Search Results for 'Ray McBride'
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A sense of belonging is essential in life because it places us in a grouping or place that we hope will allow us to share moments of joy and collegiality. It enables us to appreciate support when there is sadness and loss. It makes us do unusual things in the name of being part of a tribe or a gang. We stand on muddy sidelines and roar on the teams in our colours; we stay up late to watch a rowing race across the other side of the world because we do so with hope, knowing that there will either be elation or disappointment at the end of it. We consume culture that means something to us and which gives us a little gift of wisdom at the end of each performance.
“The death of Ray McBride, actor, dancer, and superb artist, will have been heard with sadness by all those who love Irish theatre and performance.”
In its recent publication, Wastewater Treatment in Galway, An Taisce reminded us that until the wastewater treatment plant on Mutton Island came into operation in 2004, this city had historically allowed 6,000,000 litres of untreated raw sewage a day to flow out into Galway Bay, a Special Area of Conservation.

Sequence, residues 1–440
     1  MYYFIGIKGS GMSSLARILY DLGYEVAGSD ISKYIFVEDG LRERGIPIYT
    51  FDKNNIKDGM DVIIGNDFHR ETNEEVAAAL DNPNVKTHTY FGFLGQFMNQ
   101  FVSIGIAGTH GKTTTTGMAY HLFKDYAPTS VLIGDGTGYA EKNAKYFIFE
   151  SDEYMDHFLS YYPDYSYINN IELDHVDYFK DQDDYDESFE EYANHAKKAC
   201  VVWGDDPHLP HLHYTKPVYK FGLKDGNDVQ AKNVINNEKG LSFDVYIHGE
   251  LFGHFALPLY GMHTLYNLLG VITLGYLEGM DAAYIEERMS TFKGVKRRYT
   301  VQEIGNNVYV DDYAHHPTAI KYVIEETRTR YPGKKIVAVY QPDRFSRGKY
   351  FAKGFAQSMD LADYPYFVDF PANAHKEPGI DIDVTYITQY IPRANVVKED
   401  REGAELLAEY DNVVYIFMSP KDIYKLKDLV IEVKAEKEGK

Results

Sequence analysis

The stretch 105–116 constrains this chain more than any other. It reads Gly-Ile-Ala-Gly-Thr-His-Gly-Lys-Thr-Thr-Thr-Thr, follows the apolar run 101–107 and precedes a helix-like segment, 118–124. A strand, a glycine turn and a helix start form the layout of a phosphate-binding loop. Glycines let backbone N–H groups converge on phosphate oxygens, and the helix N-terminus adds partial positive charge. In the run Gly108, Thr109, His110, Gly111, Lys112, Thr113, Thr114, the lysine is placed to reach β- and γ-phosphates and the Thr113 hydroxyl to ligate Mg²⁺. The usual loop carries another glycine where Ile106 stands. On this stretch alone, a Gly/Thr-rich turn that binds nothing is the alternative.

Hands up all of you who remember the 1980s Save Galway Bay Group and what they were set up to do? If you thought it was the name for the latest pop sensation you are possibly a young Gossoon who would not be much interested in reading any further.
Druid Theatre Company was founded in May 1975 with the initial aim of providing theatre entertainment for tourists in Galway. It opened with three full length plays on successive nights in the Jesuit Hall. The season was a success so they made the very brave decision to operate the company on a full-time basis. Their productions were presented on a fit-up basis, as were a number of lunchtime shows in the Fo’Castle in Dominick Street. They converted this latter venue into a fully equipped pocket theatre seating 47 people. It was a popular venue, well supported, but there were problems with regard to backstage, storage, and office space.
TWO MEN, in worn out, dishevelled clothes and bowler hats, wait under a tree on the side of the road. They are waiting for a man called Godot. They don't know much about him, other than that he has a beard and perhaps the offer of some work, but will he ever come?
With the Olympics Games in Rio only months away, Galway sports fans will have the chance to spend an entertaining evening in the company of two of the legendary figures of Irish athletics.